In the end, the texts that are similar to the Bible and predated it do several things.

  1. They raise questions that need to be considered when we evaluate the level of probability we each want to assign to our beliefs about the reliability of the Bible. They prevent us from being certain that the Bible versions came first, and that God was “doing a new thing” in the world at each of these points in the Bible. The notion that, “the Bible must be from God because how could man create such things,” rings a little hollow considering much of it at least hast he possibility of being adaptations rather than new inventions.
  2. In the absence of all other evidence, they make the Bible’s claims less likely. We can go further than saying we don’t know which was right. We must conclude that it is more likely that the Bible copied at least some of these ideas, rather than that the other cultures were the ones copying in every case. You can call these other similar pre-occurrences “foreshadowing of God’s interventions,” but such a statement is self-defeating. Why would God foreshadow his revelations in a way that would make them less believable when His actual interventions took place? If such foreshadowings inevitably lead to skepticism about His real events, how is that different that something the Devil would do (i.e. diabolical mimicry)?

Based on the problems, how do you know who was right? None of them. The natural explanations are sufficient, so we should defer to them anyway (Occam’s Razor). But beyond that, there’s another reason to think the natural explanations are more likely. It’s not just the Bible’s similarities to preexisting ideas that make it less likely to be entirely trustworthy – many of the claims have the added problem of not making sense. The idea of progressive revelation is very convenient, but it doesn’t solve the problem. It’s one thing to not speak about a subject, but why indicate that some (or maybe even all) of certain types of illnesses are curses or demon possessions? Why paint a conflicting picture of the universe? Such ideas inevitably hold back progress in these areas and cause people to doubt the Bible later. In my opinion, the Bible’s problems (barely touched-upon in this post) make it unreasonable to believe that the entire work is trustworthy. At least some mistrust should be the default position anyway. Why would we ever assume, except for the desire to maintain our existing beliefs (usually taught to us as children and then preserved and amplified by The Problem), that any complex ancient work is entirely trustworthy?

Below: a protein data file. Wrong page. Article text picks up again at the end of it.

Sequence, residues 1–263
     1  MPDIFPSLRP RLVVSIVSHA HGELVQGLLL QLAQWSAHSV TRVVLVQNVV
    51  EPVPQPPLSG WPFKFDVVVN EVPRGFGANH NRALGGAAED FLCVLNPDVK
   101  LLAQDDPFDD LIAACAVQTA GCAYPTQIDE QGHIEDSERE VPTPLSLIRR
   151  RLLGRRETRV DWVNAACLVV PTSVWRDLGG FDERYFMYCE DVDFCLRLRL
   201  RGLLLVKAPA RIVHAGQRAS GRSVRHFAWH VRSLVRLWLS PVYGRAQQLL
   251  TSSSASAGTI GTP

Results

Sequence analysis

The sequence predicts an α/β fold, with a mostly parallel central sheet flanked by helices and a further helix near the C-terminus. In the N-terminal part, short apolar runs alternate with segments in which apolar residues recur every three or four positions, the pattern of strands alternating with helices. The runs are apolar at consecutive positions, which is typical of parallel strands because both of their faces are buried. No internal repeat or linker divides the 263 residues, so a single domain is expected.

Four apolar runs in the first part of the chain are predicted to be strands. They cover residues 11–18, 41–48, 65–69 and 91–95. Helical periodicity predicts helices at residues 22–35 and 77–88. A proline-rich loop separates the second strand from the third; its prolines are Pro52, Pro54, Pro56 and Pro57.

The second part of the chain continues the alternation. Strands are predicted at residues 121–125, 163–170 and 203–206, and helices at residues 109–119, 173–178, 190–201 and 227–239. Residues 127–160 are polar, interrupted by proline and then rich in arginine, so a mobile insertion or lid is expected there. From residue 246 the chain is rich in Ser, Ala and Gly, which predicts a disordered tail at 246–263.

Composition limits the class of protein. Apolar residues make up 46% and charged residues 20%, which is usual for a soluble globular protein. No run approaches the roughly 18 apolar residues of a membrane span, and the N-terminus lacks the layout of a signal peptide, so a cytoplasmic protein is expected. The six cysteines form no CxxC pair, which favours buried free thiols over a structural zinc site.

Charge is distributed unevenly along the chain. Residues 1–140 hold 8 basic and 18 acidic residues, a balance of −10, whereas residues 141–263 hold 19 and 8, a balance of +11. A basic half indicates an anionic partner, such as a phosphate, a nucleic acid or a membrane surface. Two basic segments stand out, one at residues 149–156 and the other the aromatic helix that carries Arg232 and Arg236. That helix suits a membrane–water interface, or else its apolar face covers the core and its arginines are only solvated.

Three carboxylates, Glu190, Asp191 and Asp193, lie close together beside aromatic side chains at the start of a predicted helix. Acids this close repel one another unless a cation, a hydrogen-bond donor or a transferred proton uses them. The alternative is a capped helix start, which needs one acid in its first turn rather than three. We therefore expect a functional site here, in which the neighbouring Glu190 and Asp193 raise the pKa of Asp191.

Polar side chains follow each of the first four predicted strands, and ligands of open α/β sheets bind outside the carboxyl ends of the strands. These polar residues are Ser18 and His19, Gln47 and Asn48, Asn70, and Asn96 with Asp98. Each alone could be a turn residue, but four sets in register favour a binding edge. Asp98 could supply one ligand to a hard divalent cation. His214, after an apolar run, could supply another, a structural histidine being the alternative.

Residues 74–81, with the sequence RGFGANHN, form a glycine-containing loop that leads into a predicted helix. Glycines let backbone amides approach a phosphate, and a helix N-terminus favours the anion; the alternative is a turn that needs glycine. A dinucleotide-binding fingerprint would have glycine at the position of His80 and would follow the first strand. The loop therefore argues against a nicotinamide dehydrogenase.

Couldn’t some creator still exist and be behind this? Absolutely! Queue iMultiverse. 🙂 That’s why I don’t believe there isn’t a God. I just have to remain neutral and wait for enough evidence (that outweighs the counter-evidence) before holding a positive belief position in any claim. If the God of the Bible does exist, I just can’t use “the obvious inerrancy of the Bible” to demonstrate His existence.

The Bible may look solid on a surface reading if we want to believe it and we let our desires influence us. But if we look closely and objectively, the way we would examine other documents, it has the same problems we’d expect to see in any other ancient religious text. Unless we can face and honestly solve all the problems without using the assumption of inerrancy, I don’t see a way to objectively justify the belief that the Bible is entirely trustworthy.

I hope this clarifies more of my issues and way of thinking. Sorry, again for the length. It was great seeing you the other night! I’ll contact you soon with a day I can meet over breakfast. 🙂

Gentleness and respect,


  1. Enlightening and thought-provoking as always, Russell. And–don’t feel like you actually need to limit your word count based on my attention span. You are writing to Pascal, not to me. A 15,000 word post might take me a couple of weeks to get through, but it would undoubtedly be worth reading. 🙂


  2. Hey Russell – thanks for pointing me to this post. I’ve read about some of these things, but several things were new to me. And it relates to the latest thread you have going with Pascal.

    Liked by 1 person